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when people were tipsy, but I made a rule always to walk away. As for Bartley, his was always night work, and many's the coil of rope I have brought on shore, what, although he might have paid for, he didn't buy of the lawful owner, but I never seed or heard, that was my maxim; and I fared well till I served my time, and then they gave me their old wherry, and built a new one for themselves. So I set up on my own account, and then I seed, and. heard, and had all my senses, just as they were before-more's the pity, for no good came of it. [Puff, puff, puff, puff.] The Bartleys wanted me to join them, but that wouldn't do; for though I never meddled with other people's concerns, yet I didn't choose to go wrong myself. I've seed all the world cheating each other for fifty years or more, but that's no concern of mine; I can't make the world better, so all I thinks about it is, to keep honest my

self; and if every one was to look after his own soul, and not trouble themselves about their neighbours, why then it would be all the better for human natur. I plied at the Swan Stairs, gained my livelihood, and spent it as I got it; for I was then too young to look out a'ter a rainy day.

"One night a young woman in a cloak comes down to the stairs with a bundle in her arms, and seems in a very great taking, and asks me for a boat. I hauls out of the row alongside of the hard, and hands her in. She trips as she steps in, and I catches to save her from falling, and in catching her I puts my hand upon the bundle in her arms, and feels the warm face of a baby. Where am I to go, ma'am ?' says I. 'O! pull across and land me on the other side,' says she; and then I hears her sobbing to herself, as if her heart would break. When we were in the middle o' the stream, she lifts up her

head, and then first she looks at the bundle and kisses it, and then she looks up at the stars which were glittering above in the sky. She kisses the child once more, jumps up, and afore I could be aware of what she was about, she tosses me her purse, throws the child into the water, and leaps in herself. I pulls sharp round immediately, and seeing her again, I made one or two good strokes, comes alongside of her, and gets hold of her clothes. A'ter much ado I gets her into the wherry, and as soon as I seed she was come to again, I pulls her back to the stairs where she had taken me from. As soon as I lands I hears a noise and talking, and several people standing about; it seems it were her relatives, who had missed her, and were axing whether she had taken a boat; and while they were describing her, and the other watermen were telling them how I had taken a fare of that description, I brings her back. Well, they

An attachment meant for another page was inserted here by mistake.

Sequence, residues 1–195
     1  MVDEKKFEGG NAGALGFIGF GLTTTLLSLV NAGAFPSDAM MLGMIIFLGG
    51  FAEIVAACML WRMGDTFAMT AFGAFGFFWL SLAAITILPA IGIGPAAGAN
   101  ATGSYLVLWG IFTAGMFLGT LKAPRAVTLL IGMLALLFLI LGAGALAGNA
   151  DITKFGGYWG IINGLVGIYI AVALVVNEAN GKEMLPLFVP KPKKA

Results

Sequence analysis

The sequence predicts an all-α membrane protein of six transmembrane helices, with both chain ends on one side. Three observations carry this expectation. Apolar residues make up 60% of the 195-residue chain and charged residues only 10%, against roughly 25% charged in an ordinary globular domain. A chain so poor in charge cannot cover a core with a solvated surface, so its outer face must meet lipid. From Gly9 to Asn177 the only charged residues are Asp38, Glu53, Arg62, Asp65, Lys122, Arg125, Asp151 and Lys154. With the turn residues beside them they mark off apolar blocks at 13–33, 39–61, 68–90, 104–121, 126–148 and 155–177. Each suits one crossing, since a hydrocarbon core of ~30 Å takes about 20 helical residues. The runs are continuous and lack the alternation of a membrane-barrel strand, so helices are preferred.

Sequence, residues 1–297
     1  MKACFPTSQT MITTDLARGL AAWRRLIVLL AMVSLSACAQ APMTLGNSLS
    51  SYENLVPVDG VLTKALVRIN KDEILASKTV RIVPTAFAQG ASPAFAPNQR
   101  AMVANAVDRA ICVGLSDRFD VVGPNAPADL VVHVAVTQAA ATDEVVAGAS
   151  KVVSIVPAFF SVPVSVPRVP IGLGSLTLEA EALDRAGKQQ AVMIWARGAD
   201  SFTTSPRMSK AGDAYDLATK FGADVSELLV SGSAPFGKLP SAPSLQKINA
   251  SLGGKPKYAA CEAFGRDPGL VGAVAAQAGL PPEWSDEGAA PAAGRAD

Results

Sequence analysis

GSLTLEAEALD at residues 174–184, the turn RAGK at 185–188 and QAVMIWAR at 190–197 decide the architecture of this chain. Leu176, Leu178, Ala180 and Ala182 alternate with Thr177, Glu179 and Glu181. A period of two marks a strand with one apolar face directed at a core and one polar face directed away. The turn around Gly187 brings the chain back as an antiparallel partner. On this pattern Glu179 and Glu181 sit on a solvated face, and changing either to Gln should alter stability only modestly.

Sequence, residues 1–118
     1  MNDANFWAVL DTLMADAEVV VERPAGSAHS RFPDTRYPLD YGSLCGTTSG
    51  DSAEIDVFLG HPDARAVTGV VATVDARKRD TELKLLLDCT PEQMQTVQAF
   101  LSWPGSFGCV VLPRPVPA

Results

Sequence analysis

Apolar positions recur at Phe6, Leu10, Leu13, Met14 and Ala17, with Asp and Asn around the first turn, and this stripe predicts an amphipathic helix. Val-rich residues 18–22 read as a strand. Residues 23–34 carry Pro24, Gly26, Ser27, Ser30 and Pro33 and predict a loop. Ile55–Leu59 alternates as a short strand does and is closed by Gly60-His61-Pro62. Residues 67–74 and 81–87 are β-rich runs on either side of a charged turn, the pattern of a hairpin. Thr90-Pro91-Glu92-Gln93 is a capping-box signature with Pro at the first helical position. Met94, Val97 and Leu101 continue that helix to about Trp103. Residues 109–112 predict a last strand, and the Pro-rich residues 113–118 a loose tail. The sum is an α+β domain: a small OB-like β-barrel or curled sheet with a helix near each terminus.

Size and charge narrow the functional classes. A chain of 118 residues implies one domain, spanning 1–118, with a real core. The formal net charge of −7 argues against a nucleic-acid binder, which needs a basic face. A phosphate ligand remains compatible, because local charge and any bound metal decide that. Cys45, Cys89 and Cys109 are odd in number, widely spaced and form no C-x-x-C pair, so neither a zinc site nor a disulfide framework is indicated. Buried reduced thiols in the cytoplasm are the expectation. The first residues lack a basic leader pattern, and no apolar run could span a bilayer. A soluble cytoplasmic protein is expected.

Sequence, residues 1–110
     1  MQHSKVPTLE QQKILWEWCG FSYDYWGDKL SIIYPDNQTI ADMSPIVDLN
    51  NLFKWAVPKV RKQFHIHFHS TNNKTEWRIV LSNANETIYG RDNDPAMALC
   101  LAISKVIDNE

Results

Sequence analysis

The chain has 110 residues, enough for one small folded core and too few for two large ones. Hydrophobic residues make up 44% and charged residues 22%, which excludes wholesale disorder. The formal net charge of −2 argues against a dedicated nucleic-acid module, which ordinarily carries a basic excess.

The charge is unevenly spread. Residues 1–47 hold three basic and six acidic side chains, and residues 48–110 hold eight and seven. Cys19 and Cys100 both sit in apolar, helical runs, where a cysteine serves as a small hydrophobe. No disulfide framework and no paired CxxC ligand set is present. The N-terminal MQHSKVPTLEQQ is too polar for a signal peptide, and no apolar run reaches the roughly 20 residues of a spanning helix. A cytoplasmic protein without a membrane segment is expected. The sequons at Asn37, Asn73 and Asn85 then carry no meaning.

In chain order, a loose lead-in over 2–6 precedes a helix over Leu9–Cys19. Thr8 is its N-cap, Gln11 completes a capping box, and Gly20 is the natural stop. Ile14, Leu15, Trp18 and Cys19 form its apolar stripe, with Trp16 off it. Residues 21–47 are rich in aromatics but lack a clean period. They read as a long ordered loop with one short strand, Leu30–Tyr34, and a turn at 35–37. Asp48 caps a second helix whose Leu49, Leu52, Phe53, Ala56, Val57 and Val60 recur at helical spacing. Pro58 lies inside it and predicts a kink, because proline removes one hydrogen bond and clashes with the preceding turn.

takes charge of her and leads her home, and then for the first time I thinks of the purse at the bottom of the boat, which I picks up, and sure enough there were four golden guineas in it, besides some silver. Well, the men who plied at the stairs axed me all about it, but I keeps my counsel, and only tells them how the poor girl threw herself into the water, and how I pulled her out again; and in a week I had almost forgot all about it, when up comes an officer, and says to me, 'You be Stapleton the waterman?' and I says, 'Yes, I be.' Then you must come along with me;' and he takes me to the police-office, where I finds the poor young woman in custody for being accused of having murdered her infant. So they begins to tax me upon my Bible oath, and I was forced to tell the whole story; for though you may lose all your senses when convenient, yet somehow or another, an oath on the Bible brings them all

back again. magistrate.

Did you see the child?' said the

I seed a bundle,' said I. 'Did

you hear the child cry?' said he. 'No,' says I, I didn't;' and then I thought I had got


the young woman off; but the magistrate was an old fox, and had all the senses at his fingers' ends. So says he, When the young woman stepped into the boat, did she give you the bunThen you never

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dle? No,' says I again.

touched it ?' Yes, I did, when her foot slipped.'' And what did it feel like?' 'It felt like a piece of human natur,' says I, 'and quite warm like.' 'How do you mean?' says he. 'Why, I took it by the feel for a baby.'


it was quite warm, was it?' 'Yes,' replied I, 'it was.' 'Well, then, what else took place ?`

Why, when we were in the middle of the stream, she and her child went overboard; I pulled her in again, but couldn't see the child.' Fortunately for the poor girl, they didn't ask

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